Stuart Comstock-Gay is executive director of the National Voting Rights Institute, and director of the Democracy Program at Demos: A Network of Ideas and Action.
This election season has been marked by a parade of disturbing but welcome reports about voting problems. Voting machines with questionable security, unverifiable vote counting, poorly trained election workers (and too few of them), provisional ballots that may or may not be counted, restrictive voter ID requirements, equipment and ballot shortages leading to long lines—the list goes on. The questions and problems in our election processes are real. Close races combined with an overload on new systems and rules have stretched our election systems to their limits. Any candidate who suffers a close loss on Tuesday will be well advised to consider a challenge.
This isn’t a question of sour grapes. There are simply too many potential snafus preventing all votes from being accurately counted. Recounts should be considered not just to ensure the most accurate vote count, but as a critical means of exposing problems with our electoral process, and to create a climate for continued reform and improvements.
The evidence in the Ohio presidential recount in 2004 was startling. Forget conspiracy theories—the veracity of Ohio’s vote count was, and is, doubtful due to widely documented problems on November 2. Polling places were short-staffed, machines and ballots were in short supply, provisional ballots went uncounted by the tens of thousands and the e-machines used that year made recounts impossible. And many of those conditions exist across the country this year.
Let’s start with the poll-worker problem. There are generally too few workers, they are underpaid and most have little-to-no training on the new machines—yet they are the gears and wheels that are supposed to make the election machine run. Most are capable and mean well, but managing elections has become a complex task. With the increase in electronic voting machines, and constantly changing rules, the job now requires technical acumen and knowledge of the law. A survey of workers at polling sites in Cuyahoga County, Ohio, after their 2006 primary showed that 57 percent did not feel they had enough hands-on practice using the county’s voting machines prior to the election; 53 percent thought their training’s coverage of election laws and administration was inadequate. In a close race, lack of training could make a big difference. A recount can help ensure that the rules are interpreted fairly.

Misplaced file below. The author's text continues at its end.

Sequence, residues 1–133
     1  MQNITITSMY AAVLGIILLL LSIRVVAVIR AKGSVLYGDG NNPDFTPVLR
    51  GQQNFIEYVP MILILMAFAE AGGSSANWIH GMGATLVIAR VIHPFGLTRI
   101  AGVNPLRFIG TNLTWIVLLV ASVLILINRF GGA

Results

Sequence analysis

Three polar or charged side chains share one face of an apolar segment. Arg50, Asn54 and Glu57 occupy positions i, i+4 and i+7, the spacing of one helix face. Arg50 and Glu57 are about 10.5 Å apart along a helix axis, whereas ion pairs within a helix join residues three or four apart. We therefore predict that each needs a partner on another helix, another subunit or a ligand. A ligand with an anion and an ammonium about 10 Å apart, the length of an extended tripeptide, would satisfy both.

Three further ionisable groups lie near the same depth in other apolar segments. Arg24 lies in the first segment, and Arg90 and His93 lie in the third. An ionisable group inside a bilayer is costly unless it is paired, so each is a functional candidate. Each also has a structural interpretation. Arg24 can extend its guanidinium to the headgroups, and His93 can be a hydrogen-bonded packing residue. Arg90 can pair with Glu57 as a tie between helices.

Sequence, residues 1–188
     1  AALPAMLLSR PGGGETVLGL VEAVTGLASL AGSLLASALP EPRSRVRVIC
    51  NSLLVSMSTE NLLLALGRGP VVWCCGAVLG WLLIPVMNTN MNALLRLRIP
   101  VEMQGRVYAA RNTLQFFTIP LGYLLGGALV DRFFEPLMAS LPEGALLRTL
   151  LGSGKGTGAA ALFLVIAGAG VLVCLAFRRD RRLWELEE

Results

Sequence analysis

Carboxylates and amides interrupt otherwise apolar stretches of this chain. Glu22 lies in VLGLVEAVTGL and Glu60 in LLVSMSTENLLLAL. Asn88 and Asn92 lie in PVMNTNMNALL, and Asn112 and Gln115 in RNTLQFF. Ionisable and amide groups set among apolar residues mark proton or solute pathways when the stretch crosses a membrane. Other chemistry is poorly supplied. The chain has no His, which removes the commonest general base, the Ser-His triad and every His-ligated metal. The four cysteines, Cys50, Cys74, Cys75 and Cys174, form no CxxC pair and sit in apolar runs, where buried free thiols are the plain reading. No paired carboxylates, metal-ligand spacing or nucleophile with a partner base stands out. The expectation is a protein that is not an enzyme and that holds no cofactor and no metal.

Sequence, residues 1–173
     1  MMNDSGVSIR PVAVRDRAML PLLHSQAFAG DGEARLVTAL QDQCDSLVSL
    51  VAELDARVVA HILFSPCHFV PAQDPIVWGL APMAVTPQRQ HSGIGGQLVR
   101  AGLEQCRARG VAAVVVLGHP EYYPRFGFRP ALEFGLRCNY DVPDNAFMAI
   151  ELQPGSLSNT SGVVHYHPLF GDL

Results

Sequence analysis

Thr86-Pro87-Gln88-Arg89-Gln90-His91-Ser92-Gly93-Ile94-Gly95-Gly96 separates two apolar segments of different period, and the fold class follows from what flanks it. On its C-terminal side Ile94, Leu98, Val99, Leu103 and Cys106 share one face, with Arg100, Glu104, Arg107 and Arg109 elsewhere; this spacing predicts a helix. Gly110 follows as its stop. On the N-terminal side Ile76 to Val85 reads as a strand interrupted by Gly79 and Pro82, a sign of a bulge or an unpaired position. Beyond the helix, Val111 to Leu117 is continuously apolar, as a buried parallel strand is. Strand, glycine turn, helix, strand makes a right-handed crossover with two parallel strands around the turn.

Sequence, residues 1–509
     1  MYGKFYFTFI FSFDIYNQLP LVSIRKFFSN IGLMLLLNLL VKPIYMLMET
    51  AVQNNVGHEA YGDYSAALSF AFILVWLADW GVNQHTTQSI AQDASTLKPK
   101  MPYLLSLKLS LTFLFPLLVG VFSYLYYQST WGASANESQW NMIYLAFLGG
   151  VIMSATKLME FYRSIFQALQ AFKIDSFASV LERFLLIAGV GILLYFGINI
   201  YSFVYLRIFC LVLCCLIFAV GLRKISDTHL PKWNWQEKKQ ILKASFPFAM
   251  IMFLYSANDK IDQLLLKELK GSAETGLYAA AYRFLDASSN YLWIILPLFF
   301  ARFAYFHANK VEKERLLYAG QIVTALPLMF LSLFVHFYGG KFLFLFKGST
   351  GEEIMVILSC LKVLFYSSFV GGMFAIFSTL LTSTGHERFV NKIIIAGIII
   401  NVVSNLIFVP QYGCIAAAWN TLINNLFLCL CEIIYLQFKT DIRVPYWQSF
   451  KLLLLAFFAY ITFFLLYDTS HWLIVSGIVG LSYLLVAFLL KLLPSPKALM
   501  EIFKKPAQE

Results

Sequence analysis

Then there’s the “placebo ballot issue.” In 2006, as in 2004, millions of voters will be shunted aside and handed provisional ballots. The 2002 Help America Vote Act requires that voters whose registration cannot be found at the polling place should be directed to vote on provisional ballots, to be verified later by election officials. Problem is, in the crush of counting regular ballots, or for whatever poor reasons, many votes end virtually in the trash can. In the 2004 elections, 23 states counted less than 50 percent of all provisional ballots cast. Nationally, more than one in three of the 2 million cast went uncounted. The claim is that these are “fail safe” votes. Voters walk away thinking they cast a ballot. More than 650,000 voters in 2004 got the Election Day sugar pill. In a tight race (or with these numbers, not so tight), provisional ballots could make the difference.
There is one gap in this call for a recount: electronic voting. Some 40 percent of registered voters around the country will cast their votes on Tuesday using touch-screen voting machines. Studies from Princeton University and the Brennan Center for Justice show how easily hackers can infect and disrupt electronic voting systems.
But the rubber really hits the road when we witness one or more recount fights in jurisdictions using paperless touch screen machines. How do you conduct a recount with such machines? Short answer: you don’t. In the November 2004 election in Ohio, many voters in electronic voting machine precincts complained of the “jumping screen” problem: when they pressed “John F. Kerry” as their selection for President, the screen flashed up “George W. Bush.” During the recount fight following that election, there was no way, in the jurisdictions in Ohio that used these machines, to count the votes again. It’s possible nothing went wrong. We don’t have to believe there was any conspiracy. But when we cannot engage in conducting a meaningful recount, we simply cannot ensure that our votes are being properly counted.
This is why Congress and the states must make it a priority before the 2008 election to ensure that any vote that is cast can be recounted. Hand-recorded ballots provide that promise now. Touch screens do not.
Nonetheless, candidates should press forward with recounts where their races are close. And when recounts are called for, none should call it poor sportsmanship. Rather, it’s a civic duty. It’s a core concept that the person who receives the most votes will win the seat. In this highly competitive year, with so many changes, the counts need to be confirmed. Moreover, recounts will help us highlight problems and press for future changes to ensure that all votes are counted—and are recountable. And, between the recounts of 2006 and the General Election of 2008, we need to continue to reform and modernize our election systems, so that we can all be sure the vote count reflects the voters’ will.